Hello Ann I just wanted to ask you a question about your experience. My husband and I will be moving in about 6 weeks and I am beyond stressed about getting our cats there. We had originally planned on moving them ourselves and not contacting a pet relocation agency but as it gets closer I am getting all kinds of different information that is really confusing me.

      You said you did this by yourself and flew through Icelandair. I was just wondering how you booked that flight and how many layovers you had? I am currently living in Oklahoma and Im trying to find the quickest route as not to put to much stress on the cats. Iv contacted a couple airlines like Finnair and Lufthansa which were on the approved list through the UK.gov website and they all tell me they can not fly on the same plane as me and they have to be booked through a separate cargo plane which I would rather not do.

      If you could give me any information you can or any help I would really appreciate it Im just really lost at the moment and don’t know if I can afford to use a shipping company.

      Thank you so much
      Christina

  • Chanel Montfort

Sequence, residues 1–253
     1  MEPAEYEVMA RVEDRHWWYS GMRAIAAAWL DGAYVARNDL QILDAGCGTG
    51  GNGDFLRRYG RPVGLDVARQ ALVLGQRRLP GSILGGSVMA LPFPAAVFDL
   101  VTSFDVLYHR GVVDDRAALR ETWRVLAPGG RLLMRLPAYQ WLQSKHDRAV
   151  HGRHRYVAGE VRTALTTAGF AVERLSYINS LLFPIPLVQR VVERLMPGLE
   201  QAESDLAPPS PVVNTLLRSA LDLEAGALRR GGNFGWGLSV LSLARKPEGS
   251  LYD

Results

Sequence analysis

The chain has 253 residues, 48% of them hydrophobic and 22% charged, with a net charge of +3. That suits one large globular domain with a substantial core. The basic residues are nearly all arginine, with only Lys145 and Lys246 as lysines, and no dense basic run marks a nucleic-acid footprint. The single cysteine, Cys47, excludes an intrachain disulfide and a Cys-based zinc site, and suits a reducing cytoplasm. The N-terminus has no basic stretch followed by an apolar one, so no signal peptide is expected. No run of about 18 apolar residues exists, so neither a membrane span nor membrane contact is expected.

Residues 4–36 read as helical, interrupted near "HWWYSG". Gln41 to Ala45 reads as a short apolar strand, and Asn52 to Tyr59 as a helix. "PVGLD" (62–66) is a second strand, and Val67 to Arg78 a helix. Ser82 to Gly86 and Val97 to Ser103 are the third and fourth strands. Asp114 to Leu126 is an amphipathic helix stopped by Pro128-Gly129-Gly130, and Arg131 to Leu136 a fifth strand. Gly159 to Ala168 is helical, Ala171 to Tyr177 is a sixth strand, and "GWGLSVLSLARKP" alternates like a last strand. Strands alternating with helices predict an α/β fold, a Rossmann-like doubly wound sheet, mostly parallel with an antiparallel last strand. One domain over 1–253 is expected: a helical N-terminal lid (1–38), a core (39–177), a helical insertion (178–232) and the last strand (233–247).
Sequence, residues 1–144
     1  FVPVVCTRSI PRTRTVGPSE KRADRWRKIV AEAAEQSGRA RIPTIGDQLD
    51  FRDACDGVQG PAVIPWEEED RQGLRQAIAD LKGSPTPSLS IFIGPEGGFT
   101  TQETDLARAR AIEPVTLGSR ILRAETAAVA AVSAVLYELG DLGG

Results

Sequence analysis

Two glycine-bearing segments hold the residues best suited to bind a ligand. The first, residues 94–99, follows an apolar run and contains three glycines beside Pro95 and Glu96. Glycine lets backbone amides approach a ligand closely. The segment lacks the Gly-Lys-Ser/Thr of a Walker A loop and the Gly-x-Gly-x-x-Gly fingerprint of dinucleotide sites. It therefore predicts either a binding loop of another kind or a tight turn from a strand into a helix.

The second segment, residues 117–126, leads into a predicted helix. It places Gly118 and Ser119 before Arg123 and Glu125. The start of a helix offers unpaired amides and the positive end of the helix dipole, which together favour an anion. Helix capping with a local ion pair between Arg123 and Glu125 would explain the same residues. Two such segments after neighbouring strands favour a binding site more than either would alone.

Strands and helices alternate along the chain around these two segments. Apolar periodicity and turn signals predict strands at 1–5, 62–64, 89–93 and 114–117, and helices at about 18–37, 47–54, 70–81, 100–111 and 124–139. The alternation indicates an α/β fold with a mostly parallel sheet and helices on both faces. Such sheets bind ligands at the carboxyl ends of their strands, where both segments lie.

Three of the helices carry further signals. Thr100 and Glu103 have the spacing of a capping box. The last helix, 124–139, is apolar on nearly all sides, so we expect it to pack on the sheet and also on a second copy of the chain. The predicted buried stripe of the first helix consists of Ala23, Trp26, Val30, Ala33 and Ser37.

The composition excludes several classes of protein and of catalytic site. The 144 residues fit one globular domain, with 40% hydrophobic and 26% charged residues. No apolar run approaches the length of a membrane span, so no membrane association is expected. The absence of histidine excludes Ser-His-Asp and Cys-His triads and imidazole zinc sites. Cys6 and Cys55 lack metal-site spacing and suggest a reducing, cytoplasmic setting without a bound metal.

Hi Chelsea
    Will be starting all the required items for my dog Maya. Just want to be sure on some things. Since we do not have the pet passport here in the sates and need a health certificate, do you know if it is possible for me to get Maya’s microchip, rabies, all annual shots from the clinic to save money and then take Maya to a certified vet to sign off on the health certificate? All of that is so expensive, but there is a twice a month clinic that comes to the pet store to offer low cost vaccinations and microchipping.

    Thank you so much for your help

    • Hi Chanel,

      You will need a veterinarian to first implant a european iso microchip, and then administer a rabies vaccine 21 days afterwards – NO less and in no different order. All veterinarians are legally allowed to do this part.

      Going forward, you’ll then need to work with a veterinarian who is USDA approved, pay for the European health certificate, and have them fill this certificate out for you. I’d recommend a early afternoon appointment so you can quickly send off the health certificate, rabies certificate (signed & dated by the USDA approved veterinarian) and microchip certificate (signed & dated by the USDA approved veterinarian) to your local USDA office for approval.

      Are you going through a pet travel agency or directly through an airline?

      Only good things,
      Chelsea